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Will there be a need for a new Raspbian Wheezy OS release to support the camera, or will a apt-get or similair download be neccessary. For one thing I,d like to know if a new camera-friendly kernal.img file ( etc) will be required.
Texy

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You will need a new start.elf, and probably a new OS image as well as their are some new libraries IIRC. I presume an apt-get will do most of the work for you. I don’t think kernel.img has changed. The majority of work is in the GPU blob and the Linux apps. Not kernel space.

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I find this interesting, and as someone with a bit of experience with colour film handling can related to many of the issues, especially about colour balancing. That leads me on to my question; will the camera provide “raw” images as well as adjusted ones? As anyone who has worked in digital images will tell you, to properly manage your workflow it is better to start off with an unadulterated image, and then apply changes as you go along, especially if the output is destined for different devices (screen, projector, print etc).

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Does no-one ever read nowadays? This is covered in the posts just above where you posted your question!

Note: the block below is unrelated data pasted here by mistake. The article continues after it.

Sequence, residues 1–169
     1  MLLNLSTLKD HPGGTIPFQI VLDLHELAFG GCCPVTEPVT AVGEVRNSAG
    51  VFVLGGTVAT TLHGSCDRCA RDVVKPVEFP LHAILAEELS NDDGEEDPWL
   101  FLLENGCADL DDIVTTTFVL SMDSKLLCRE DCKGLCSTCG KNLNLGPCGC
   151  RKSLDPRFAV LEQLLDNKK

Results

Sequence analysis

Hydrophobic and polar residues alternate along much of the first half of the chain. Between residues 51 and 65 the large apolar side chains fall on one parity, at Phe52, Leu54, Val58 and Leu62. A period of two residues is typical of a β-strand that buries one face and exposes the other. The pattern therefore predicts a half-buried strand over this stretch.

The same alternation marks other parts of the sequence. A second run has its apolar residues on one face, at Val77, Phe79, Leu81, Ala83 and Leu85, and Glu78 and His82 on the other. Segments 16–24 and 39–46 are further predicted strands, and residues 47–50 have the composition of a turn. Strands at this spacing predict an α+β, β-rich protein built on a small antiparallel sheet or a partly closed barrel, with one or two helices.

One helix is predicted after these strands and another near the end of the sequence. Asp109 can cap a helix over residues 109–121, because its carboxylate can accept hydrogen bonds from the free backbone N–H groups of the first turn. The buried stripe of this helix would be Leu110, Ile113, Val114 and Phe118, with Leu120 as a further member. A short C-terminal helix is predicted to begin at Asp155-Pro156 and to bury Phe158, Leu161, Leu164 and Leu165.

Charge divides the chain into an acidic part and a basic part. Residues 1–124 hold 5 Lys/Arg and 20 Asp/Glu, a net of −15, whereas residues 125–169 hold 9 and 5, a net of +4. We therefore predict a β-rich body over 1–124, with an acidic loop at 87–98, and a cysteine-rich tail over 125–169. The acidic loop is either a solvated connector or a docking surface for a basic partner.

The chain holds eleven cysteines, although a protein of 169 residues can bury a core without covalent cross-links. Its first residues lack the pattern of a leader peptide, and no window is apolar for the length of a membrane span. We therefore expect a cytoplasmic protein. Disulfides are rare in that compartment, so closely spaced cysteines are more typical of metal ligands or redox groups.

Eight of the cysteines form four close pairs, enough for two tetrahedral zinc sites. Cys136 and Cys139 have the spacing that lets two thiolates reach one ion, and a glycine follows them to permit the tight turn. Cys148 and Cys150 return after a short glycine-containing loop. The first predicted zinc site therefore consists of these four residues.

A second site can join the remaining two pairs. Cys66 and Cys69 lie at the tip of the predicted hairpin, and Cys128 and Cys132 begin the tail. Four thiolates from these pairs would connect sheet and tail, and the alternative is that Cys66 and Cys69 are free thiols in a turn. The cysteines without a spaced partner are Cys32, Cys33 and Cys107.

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James,
maybe you missunderstood me. There’s the raw Bayer pattern (ie with absolutely no correction), and then there’s output that has been corrected for the lens etc, but with no further sharpening, colour corrrection etc. That’s what I’m refering to. I can’t see anything in any of the messages about that answers that. Maybe you have better reading skills than I do. ;-)

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Nope, there is no access to that I’m afraid. Raw Bayer or post ISP is what is currently available. I have done an app that does YUV420 out, but that has been processed.

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Hi David

Is it possible for this camera to be set up as a slow motion (high speed) video camera with a bit of tweaking.

I am coming at this from a 12 year old’s perspective. I am afraid I know nothing about the subject but would buy one if there is a chance he could somehow use it for slow mo. He has been inspired by a proper slow mo camera and wants to have a go.

Many thanks. Richard

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The possibility is there, but so far we have been unable to get the 60fps or 90fps modes working. It should work- just time to get it working.

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Sorry just saw your post now, does that mean that the 15 and 45 fps modes are working ?

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In video mode you can select between 2 and 30fps. With stills, you just take then as fast as possible. I’ve not put in any timelapse code though for captures – that might be worth a go. Hmm, I’ll think about that.

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Thanks James

Sounds promising : )

I’ve tried to get him interested in the pi for a while and this could do the trick!